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Is there a way I can view the raw (HTTP) web service response?

 
Mark E Hansen
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I have create a web service using Eclipse and JBossTools, following the examples in the book: EJB3 in Action. I am deploying the application to JBoss AS 5.1.0.GA.

The web service deploys and I'm able to invoke the method using a web-based test client, like: http://www.soapclient.com/soaptest.html, and I get back what looks like a valid response.

However, my partner is trying to call the service method from a .NET client, and is getting the error:

According to my searches, this can be caused by a mal-formed response header.

I would like to snoop the response sent by the service, but can't find any way to do this.

I know the service address, and thanks to the above test web site, I can get the request XML content. Is it possible to call the service via telnet so I can see exactly what is returned, including HTTP response headers?

Thanks,
 
William Brogden
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There are two well known tools for capturing the full text of request and response.

TCPMON - provided with Axis and also downloadable separately and SoapUI a free well developed toolkit.

As you suspect, being able to see the full text is key to debugging web services.

Bill
 
Mark E Hansen
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Thank you, William. I downloaded soapUI and it was pretty easy to get up and running.

I placed a call to my web service method, and inspected the raw HTTP response which I received, and it looks okay to me:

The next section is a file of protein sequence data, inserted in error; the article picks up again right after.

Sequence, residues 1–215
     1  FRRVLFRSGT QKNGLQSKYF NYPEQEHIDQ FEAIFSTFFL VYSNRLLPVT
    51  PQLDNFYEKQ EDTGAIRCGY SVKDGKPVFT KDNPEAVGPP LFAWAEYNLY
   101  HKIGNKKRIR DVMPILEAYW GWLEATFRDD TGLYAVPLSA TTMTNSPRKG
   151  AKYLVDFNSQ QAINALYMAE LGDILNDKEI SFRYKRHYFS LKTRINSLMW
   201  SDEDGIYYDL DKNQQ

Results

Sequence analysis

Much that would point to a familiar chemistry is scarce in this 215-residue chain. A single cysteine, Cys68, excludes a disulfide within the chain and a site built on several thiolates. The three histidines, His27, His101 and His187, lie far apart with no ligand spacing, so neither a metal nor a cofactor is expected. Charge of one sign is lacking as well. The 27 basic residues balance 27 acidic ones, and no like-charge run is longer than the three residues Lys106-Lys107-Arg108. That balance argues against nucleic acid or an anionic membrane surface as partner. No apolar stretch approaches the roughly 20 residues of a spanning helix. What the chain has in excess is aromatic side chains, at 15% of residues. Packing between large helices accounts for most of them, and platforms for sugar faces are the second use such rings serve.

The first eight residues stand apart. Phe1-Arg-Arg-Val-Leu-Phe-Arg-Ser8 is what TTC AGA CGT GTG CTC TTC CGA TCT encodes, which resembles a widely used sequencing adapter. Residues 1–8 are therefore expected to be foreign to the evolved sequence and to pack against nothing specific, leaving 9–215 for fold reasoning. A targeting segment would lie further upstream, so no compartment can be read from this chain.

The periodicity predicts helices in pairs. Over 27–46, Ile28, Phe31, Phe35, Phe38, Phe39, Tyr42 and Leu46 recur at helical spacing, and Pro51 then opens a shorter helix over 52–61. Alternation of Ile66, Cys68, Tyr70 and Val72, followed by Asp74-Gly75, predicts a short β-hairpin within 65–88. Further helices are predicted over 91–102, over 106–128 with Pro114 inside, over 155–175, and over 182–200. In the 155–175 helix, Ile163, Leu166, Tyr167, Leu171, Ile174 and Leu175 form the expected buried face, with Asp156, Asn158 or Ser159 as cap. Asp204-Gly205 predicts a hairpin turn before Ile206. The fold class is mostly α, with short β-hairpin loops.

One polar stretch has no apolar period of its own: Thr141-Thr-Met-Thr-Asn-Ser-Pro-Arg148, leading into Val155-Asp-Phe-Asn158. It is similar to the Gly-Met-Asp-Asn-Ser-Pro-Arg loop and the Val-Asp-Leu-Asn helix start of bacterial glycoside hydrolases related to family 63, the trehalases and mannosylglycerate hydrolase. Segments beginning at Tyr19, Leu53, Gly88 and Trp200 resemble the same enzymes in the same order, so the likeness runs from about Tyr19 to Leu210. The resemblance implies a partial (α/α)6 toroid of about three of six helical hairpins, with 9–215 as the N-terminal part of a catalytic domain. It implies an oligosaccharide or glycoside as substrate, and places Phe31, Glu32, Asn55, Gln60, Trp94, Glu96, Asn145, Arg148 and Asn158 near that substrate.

Is there something wrong with the response such that the .NET clients get the before mentioned error?

According to my research into that error, the common reason is that the Content-Length header has a space in it. But the response I get from my web service doesn't even have a Content-Length header. Even so, none of the other response header names have any spaces in them.

Is there something else wrong with my service method's response?

Thanks,

 
William Brogden
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My next step would be to capture the request text as generated by the .NET client.

It is not clear that the server error was created on interpretation of the request or on generation of the response.

Bill
 
Mark E Hansen
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I talked to my partner last night, and he said that after further debugging, he thinks the problem was due to the way he was setting up the call in the .NET client application. He said something about having to do some extra steps, although I don't know what those would be, as my web service seems typical of the architecture.

In any case, once he worked those issues out, he was able to successfully invoke the web service method and get a proper response.

Thanks to all for the terrific help. I love JavaRanch
 
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